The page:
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This means that the first days of an engagement are spent fact-finding and diagnosing the scope and severity of the company’s ills. Is it in imminent danger of failure? Does it have substantial losses but its survival is not yet threatened? Or is it merely in a declining business position? The first three requirements for viability are analyzed: one or more viable core businesses, adequate bridge financing, and sufficient organizational resources. A more detailed assessment of strengths and weaknesses follows in the areas of competitive position, engineering and R&D, finances, marketing, operations, organizational structure, and personnel.

In the meantime, the turnaround professional must deal with various constituencies and vested interest groups. The first and often most vocal group is angry creditors who may have been kept in the dark about the company’s financial status. Employees are confused and frightened, and spend more time worrying about their own job security than fixing the business. Customers, vendors, and suppliers are wary about the future of the company. A turnaround specialist must be open and frank with all these audiences.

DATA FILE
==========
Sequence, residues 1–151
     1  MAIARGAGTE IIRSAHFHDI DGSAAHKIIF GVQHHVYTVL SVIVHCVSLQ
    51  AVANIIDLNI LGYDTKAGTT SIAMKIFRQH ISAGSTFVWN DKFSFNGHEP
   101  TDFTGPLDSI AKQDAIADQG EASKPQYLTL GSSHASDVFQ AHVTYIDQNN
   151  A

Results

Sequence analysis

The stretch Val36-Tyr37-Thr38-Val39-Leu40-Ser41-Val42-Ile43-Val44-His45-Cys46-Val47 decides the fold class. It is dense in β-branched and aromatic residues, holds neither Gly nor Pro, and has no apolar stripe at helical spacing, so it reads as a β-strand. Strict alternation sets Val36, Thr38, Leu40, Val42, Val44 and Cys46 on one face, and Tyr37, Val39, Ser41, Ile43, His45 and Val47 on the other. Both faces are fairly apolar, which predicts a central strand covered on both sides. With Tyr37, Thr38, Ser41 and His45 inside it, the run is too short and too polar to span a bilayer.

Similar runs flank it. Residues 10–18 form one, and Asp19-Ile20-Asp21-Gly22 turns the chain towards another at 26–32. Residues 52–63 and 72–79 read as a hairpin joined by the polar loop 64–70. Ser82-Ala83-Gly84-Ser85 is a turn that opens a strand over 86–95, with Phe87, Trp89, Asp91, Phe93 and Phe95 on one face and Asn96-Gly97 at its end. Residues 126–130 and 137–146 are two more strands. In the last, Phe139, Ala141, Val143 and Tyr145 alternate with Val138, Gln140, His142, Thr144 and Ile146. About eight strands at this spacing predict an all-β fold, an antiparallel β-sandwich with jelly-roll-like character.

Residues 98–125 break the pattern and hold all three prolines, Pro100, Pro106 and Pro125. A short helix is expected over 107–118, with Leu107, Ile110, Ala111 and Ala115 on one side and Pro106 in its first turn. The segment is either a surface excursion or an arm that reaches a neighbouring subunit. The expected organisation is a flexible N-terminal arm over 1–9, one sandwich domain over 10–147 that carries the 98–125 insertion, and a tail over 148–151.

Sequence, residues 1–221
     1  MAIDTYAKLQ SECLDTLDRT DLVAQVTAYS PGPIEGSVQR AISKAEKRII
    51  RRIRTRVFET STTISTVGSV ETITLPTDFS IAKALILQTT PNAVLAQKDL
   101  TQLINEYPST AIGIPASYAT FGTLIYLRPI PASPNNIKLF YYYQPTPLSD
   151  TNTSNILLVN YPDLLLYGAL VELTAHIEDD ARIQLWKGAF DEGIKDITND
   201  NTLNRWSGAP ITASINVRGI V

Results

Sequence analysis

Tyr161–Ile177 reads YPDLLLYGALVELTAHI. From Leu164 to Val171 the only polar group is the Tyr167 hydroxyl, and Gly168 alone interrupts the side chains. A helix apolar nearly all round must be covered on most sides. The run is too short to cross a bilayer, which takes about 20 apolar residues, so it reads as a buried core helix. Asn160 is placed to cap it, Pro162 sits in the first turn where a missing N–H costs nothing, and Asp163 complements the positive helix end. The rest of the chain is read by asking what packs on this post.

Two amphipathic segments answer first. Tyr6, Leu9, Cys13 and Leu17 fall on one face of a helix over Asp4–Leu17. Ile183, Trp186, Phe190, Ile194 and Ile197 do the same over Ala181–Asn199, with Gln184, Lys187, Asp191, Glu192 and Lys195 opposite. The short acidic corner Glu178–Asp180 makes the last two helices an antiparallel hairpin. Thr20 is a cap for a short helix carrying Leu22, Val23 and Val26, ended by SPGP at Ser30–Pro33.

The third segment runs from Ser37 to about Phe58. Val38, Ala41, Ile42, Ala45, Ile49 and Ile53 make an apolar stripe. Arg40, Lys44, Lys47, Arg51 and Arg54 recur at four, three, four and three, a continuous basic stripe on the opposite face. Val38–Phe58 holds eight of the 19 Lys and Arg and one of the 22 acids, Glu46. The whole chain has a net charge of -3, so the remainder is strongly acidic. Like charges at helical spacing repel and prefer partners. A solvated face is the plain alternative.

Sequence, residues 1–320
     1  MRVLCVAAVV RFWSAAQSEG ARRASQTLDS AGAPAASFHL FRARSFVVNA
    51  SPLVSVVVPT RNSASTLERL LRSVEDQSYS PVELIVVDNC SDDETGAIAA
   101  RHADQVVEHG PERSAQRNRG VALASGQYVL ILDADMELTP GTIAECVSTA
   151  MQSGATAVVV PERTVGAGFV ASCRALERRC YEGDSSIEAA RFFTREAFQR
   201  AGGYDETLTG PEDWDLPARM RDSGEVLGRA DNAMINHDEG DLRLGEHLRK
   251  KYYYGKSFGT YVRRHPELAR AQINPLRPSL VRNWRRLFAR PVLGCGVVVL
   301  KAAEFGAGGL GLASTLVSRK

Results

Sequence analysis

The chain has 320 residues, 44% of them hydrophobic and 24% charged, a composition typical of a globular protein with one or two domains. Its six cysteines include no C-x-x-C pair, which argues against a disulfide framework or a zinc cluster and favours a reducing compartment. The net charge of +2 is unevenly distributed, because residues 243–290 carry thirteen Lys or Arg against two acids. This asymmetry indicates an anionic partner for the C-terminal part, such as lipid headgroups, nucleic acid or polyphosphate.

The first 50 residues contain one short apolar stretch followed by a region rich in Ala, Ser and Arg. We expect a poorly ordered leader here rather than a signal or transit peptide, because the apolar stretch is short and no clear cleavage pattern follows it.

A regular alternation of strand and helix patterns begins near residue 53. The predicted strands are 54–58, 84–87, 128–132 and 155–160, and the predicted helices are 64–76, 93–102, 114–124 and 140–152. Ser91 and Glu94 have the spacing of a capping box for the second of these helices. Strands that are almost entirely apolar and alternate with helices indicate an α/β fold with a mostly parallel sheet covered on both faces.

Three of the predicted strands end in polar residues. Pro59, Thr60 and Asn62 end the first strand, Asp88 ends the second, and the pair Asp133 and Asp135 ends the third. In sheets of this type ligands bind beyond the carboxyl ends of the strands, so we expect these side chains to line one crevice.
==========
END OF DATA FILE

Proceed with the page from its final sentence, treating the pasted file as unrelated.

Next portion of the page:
Once the major problems are identified, the turnaround professional develops a strategic plan with specific goals and detailed functional actions. The individual must then sell the plan it to all key parties in the company, including the board of directors, the management team, and employees. Presenting the plan to key parties outside the company—bankers, major creditors, and vendors—should restore confidence that the business can work through its difficulties.


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